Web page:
Lucas 1996 demonstrated a statistically significant reduction in pH in infants receiving HMF (pH 7.33, vs. pH 7.34 in controls - WMD -0.01, 95%CI -0.02 to 0.00) which is unlikely to have any clinical significance. Wauben 1998 withdrew one control infant because of metabolic acidosis.
Urea levels are significantly increased in infants receiving HMF (WMD 0.27mmol/l, 95% CI 0.14 to 0.40mmol/l). When the studies evaluating mineral supplementation in the control group are excluded, this difference is increased (0.96mmol/l, 95% CI 0.56 to 1.36mmol/l).
Death as a specific outcome is reported by Pettifor 1989 and Lucas 1996. Other studies included only relatively well infants. There does not appear to be any increased risk of death associated with fortification of human milk (RR 1.48, 95% CI 0.66 to 3.34), although all 7 infants who died in one study (Pettifor 1989) were assigned fortifier. Sensitivity analysis, excluding Lucas 1996, results in inclusion of Pettifor's study only with a trend towards increased risk of death (RR 13.3) but with very wide confidence intervals (95% CI, 0.78 to 227).
This overview has demonstrated that fortification of human milk with more than one nutritional supplement (caloric, protein, and/or mineral) results in small but statistically significant increases in weight gain, linear growth, and head growth over the short term study periods evaluated. No long term advantage has been shown in terms of either growth (Lucas 1996, Wauben 1998) or neurodevelopmental outcome (Lucas 1996).
Short-term growth is a difficult outcome to assess - particularly if the first two weeks of life, when weight loss is common, are included in the overall weight gain results. Although the differences for these outcomes are small, the effect of these small increases in growth over the short term may be cumulative. For prolonged hospital stays, a small advantage in weight gain or head or linear growth may have a significant impact on growth parameters at discharge or even age at discharge. However, these outcomes were not evaluated in this review. Two studies reported these outcomes (Modanlou 1986; Wauben 1998) and found no difference between the groups.
Fortification of human milk has no effect on ALP levels. BMC has been variably reported and only one study (Pettifor 1989) has individually shown a difference. The two most recent studies (Wauben 1998 and Faerk 2000) did not demonstrate any differences in whole body BMC, although phosphorus was given to the control groups in both trials. Fractures have not been reported as an outcome in any study. Nitrogen retention has been examined in two studies and is significantly increased in infants receiving fortifier.
Potential adverse effects of fortification do not appear to be significantly increased, although the total number of infants studied and the unavailability of results for some infants randomized and subsequently withdrawn makes it difficult to be confident of this finding. There is no evidence of a significantly increased risk of NEC. Urea levels are higher and pH levels lower in infants receiving fortification, but the clinical significance of this is not clear. The increased urea levels in the fortifier group are not above the accepted range of normal . If anything, excluding Lucas 1996, those in the control group are low and the higher levels in fortified infants may reflect improved dietary protein intake. There are insufficient data to evaluate other potential adverse effects.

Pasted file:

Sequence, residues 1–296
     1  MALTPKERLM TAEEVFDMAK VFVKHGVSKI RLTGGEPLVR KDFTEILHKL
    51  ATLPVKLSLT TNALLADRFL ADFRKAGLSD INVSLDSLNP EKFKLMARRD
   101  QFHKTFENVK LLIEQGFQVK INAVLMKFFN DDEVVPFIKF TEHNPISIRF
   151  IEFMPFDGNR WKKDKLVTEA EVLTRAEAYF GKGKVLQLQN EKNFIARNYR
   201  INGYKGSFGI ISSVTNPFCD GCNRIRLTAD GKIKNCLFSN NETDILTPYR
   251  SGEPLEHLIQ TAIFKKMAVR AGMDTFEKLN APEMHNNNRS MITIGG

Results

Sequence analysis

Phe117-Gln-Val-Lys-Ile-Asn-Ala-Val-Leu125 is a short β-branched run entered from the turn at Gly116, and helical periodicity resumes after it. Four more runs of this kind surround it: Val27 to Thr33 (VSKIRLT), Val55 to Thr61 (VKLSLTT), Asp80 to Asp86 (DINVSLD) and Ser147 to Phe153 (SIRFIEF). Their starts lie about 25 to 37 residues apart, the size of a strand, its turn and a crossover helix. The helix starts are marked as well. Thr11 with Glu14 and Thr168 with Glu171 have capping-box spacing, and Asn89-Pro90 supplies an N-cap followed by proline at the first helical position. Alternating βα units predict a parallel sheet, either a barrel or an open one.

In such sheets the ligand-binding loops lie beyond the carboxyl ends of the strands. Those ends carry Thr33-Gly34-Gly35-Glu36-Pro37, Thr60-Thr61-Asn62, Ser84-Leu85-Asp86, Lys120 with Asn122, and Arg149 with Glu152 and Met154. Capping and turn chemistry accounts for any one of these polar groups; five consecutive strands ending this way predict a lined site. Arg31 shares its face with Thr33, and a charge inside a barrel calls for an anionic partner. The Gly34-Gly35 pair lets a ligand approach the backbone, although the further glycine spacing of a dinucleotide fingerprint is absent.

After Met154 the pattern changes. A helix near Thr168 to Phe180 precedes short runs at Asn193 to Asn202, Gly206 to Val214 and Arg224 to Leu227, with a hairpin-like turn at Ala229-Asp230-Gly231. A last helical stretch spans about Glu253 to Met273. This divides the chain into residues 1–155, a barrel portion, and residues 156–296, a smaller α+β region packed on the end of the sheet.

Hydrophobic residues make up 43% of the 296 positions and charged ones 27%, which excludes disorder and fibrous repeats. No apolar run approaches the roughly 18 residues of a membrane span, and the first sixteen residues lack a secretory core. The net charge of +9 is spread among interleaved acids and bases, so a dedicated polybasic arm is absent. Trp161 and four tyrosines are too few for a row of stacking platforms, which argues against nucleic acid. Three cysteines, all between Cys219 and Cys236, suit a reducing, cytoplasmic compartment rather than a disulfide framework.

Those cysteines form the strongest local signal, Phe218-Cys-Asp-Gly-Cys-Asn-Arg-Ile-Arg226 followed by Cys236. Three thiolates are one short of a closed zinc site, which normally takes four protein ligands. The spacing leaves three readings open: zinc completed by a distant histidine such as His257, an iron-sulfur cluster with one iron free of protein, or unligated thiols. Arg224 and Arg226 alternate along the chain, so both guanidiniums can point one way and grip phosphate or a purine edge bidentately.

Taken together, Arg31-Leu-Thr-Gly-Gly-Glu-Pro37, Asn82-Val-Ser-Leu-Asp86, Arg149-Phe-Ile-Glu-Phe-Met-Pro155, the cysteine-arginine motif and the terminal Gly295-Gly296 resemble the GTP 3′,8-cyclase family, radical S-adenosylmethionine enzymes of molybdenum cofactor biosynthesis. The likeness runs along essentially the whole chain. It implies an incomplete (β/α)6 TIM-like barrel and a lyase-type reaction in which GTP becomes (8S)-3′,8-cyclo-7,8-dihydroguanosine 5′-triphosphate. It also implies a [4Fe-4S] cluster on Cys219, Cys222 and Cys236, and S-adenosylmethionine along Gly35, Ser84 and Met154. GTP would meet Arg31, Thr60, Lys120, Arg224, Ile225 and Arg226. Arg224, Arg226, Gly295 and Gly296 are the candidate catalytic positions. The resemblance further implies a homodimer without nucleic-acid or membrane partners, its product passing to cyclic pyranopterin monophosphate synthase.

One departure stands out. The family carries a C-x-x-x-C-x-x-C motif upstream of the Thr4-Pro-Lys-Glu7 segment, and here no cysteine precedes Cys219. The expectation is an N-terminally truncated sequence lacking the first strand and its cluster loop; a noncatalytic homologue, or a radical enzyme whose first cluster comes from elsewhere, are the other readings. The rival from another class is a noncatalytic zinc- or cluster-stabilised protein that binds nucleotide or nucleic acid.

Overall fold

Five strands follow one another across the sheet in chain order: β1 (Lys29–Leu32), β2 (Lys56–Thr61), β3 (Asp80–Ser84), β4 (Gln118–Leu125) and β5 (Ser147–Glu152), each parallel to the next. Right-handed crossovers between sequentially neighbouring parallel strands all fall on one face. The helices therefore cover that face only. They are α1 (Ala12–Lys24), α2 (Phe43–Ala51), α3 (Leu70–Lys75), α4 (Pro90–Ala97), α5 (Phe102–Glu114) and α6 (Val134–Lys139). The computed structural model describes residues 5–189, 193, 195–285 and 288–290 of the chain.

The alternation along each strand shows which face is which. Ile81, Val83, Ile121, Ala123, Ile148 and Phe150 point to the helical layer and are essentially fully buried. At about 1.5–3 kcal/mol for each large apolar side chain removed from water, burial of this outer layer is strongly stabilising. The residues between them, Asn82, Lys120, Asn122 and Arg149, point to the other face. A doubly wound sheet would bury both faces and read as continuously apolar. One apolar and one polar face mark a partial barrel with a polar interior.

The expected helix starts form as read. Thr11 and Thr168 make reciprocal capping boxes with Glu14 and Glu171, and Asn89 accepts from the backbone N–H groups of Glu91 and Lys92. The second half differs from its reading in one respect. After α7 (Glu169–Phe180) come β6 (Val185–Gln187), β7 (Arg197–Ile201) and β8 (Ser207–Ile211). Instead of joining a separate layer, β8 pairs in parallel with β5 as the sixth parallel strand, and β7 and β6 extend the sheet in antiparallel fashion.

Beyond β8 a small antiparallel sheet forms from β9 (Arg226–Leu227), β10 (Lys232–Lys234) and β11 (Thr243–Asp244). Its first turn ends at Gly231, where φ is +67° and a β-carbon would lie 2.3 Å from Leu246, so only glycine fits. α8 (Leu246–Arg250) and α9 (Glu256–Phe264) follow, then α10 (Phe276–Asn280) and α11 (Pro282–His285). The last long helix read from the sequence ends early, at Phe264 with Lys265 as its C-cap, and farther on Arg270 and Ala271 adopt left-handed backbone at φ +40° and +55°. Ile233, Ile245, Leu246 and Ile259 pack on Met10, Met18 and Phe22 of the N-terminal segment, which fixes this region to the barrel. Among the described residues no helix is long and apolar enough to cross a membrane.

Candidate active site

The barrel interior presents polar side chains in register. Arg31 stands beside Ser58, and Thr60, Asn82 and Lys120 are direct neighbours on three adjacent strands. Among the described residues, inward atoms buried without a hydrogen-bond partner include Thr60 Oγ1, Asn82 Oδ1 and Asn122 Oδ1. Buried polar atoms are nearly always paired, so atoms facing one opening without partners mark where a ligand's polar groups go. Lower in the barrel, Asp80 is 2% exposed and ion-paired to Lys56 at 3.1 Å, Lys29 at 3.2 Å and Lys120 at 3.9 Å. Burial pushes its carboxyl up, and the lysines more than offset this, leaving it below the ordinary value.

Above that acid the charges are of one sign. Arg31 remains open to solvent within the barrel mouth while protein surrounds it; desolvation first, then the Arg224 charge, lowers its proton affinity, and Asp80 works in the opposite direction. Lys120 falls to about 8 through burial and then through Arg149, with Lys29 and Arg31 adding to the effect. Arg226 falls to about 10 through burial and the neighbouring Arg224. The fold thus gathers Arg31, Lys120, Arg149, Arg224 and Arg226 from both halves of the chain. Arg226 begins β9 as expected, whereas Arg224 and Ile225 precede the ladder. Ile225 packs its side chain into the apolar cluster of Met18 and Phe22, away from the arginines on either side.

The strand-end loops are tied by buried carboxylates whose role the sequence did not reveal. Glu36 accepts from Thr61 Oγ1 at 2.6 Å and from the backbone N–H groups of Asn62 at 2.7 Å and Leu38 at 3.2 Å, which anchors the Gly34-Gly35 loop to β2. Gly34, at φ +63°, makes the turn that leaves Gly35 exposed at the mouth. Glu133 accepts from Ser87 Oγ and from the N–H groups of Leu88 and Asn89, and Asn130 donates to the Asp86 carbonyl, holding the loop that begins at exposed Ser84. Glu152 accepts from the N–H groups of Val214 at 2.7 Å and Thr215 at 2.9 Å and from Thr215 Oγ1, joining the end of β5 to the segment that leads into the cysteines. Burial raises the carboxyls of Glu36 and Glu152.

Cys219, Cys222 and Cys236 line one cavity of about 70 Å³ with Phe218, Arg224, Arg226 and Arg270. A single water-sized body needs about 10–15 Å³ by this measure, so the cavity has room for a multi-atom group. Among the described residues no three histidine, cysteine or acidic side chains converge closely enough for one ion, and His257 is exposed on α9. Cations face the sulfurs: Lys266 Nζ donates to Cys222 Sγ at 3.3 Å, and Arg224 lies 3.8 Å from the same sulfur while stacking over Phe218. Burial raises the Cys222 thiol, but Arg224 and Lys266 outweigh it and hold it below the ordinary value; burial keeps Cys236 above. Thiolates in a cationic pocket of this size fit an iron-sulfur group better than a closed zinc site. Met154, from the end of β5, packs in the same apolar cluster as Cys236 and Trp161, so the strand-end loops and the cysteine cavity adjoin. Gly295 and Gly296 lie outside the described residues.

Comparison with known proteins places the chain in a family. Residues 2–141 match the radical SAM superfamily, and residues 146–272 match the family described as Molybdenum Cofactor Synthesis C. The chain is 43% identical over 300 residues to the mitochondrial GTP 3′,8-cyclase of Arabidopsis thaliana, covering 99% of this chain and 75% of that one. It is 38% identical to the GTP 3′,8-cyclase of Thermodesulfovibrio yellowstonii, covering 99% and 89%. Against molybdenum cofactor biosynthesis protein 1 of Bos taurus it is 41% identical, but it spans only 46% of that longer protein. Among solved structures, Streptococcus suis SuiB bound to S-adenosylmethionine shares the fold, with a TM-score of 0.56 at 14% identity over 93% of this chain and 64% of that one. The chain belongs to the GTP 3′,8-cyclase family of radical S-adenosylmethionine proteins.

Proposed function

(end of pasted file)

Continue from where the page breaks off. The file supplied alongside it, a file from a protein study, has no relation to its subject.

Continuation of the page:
Implications for practice
There is sufficient evidence to demonstrate that fortification of human milk with more than one nutritional component is associated with short-term improvements in weight gain, linear and head growth. There is no clear effect on bone mineral content. There is no evidence that these short-term gains in growth lead to any demonstrable long-term benefits in growth, bone mineral content, or neurodevelopmental outcomes, although this may well be related to the absence of follow-up in almost all studies. There does not appear to be any increase in clinically significant adverse effects in supplemented infants, although the total number of infants studied is small and the abstractable data from the published studies is limited.
Implications for research
Fortification of human milk has become common practice, based largely on metabolic studies evaluating the composition of human milk and the nutritional requirements of preterm infants. There is an absence of evidence of long-term benefit, and insufficient evidence to be reassured that there are no deleterious effects. Despite this, it is unlikely that further studies evaluating fortification of human milk versus no supplementation will be performed. Indeed, Lucas 1996 felt that it was not ethical to withhold phosphorus supplementation in control infants and other studies since then have also supplemented the control groups (Wauben 1998; Faerk 2000).
Most commercially available fortifiers contain varying amounts of protein, carbohydrate, calcium, phosphate, other minerals (zinc, manganese, magnesium, and copper), vitamins, and electrolytes. The benefits of many of these individual components have not been evaluated in a controlled manner. Further research should be directed toward comparisons between different proprietary preparations and evaluating both short-term and long-term outcomes and adverse effects, in search of the "optimal" composition of fortifiers. This has, in part, been addressed by studies excluded from this overview (Moyer-Mileur 1992; Metcalf 1994; Sankaran 1996; Porcelli 2000; Reis 2000). The number of study subjects required to adequately evaluate these outcomes would be extremely large.
The reviewers wish to thank those authors who were able to provide additional information to assist with this review.
Data and analyses
- Top of page
- Authors' conclusions
- Data and analyses
- What's new
- Declarations of interest
- Sources of support
- Index terms
Last assessed as up-to-date: 28 August 2003.
Protocol first published: Issue 4, 1998
Review first published: Issue 4, 1998
Declarations of interest
Sources of support
- National Women's Hospital, Auckland, New Zealand.
- University of Auckland, Auckland, New Zealand.
- No sources of support supplied
Medical Subject Headings (MeSH)
MeSH check words
Humans; Infant, Newborn
* Indicates the major publication for the study